Having already ticked off the Northern Lights in Shetland I was able to set off on my Scandinavian Odyssey from a Business Lounge at Heathrow (I had a lot of frequent flier miles to use up!) ready to add to my ice photo collection. Stockholm delivered on the ice. Overnight temperatures down around -20C ensured that the harbour froze over – the morning serenade (heard from a water level cabin on a yacht converted to floating hotel) was the harbour ice-breaker grinding through the ice to allow the regular passenger ferries to run. The always comfortable – and usually on-time - Swedish and Norwegian railway moved me from Stockholm to Oslo to Bergen ensuring that I was able to appreciate snowy landscapes and still have enough time to see at least some of the attractions in each city. Having stayed on a boat in Stockholm, I made sure I got to the Fram Museum in Oslo to see what life was really like when ice was grinding along the hull of the boat, before heading to Bergen to join my boat heading for the far North.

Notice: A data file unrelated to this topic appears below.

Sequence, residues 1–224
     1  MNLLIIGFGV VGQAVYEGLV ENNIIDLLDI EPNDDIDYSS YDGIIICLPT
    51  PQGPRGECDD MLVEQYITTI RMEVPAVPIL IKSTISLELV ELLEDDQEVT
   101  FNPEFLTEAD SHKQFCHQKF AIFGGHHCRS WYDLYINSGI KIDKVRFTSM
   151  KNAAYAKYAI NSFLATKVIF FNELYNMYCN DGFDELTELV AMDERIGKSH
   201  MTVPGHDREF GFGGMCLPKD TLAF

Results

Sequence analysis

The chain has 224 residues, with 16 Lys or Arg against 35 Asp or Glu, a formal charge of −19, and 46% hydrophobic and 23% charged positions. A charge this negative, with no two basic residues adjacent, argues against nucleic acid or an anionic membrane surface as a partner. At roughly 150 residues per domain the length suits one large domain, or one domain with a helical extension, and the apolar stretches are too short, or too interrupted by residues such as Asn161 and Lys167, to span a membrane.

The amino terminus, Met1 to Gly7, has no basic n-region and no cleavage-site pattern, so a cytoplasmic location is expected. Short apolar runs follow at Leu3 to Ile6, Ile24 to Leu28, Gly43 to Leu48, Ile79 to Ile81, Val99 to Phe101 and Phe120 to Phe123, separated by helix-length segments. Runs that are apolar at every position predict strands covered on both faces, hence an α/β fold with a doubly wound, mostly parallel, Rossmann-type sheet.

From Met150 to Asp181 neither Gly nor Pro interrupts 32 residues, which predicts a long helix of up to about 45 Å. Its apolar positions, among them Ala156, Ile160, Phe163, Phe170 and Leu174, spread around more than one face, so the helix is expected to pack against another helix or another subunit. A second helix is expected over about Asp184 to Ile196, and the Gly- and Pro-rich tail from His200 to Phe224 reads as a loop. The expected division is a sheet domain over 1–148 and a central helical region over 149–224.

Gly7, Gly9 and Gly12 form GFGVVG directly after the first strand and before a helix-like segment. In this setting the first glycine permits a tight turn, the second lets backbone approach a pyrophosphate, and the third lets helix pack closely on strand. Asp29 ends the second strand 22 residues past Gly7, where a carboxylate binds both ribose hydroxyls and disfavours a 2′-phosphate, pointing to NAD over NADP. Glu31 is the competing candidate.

There are two sorts of boats that Hurtigruten use on their traditional route up the Norwegian Coast. Most of the boats look like small-scale cruise ships, but a couple of the older boats date from an earlier generation and look much more like ferries of old. They don’t have things like car decks, and all the cargo needs to be either wheeled up the gangway, or winched on board. Once I had decided to go up the Norwegian coast I wanted to use a traditional boat. So in early February I found myself in a little cabin, deep in the Hurtigruten version of steerage ready to go North. Suffice to say that the boat looked very much the part of the traditional coastal steamer (lots of brass and mahogany), and the engine, just a few feet from cabin, sounded very much like a traditional coastal steamer. The other observation is that the Hurtigruten is THE way to get a glimpse of Norwegian coastal life – most days the boat stops for long enough to let you get a flavour of the towns, and you always get a full on view of both the Norwegian weather and the dramatic coastal scenery. The Hurtigruten is also the perfect way to see the Northern Lights – they aren’t guaranteed to put in an appearance, but if they do you’re probably going to get a good view. The Hurtigruten isn’t, however, a great place to photograph the Lights – a rolling ship and long exposure make for interesting images, but not good representations of the aurora. The ships timetable does mean that you will wind up having time in some remote places at strange times of the day – just accept these as the opportunity to photograph some great sunrises!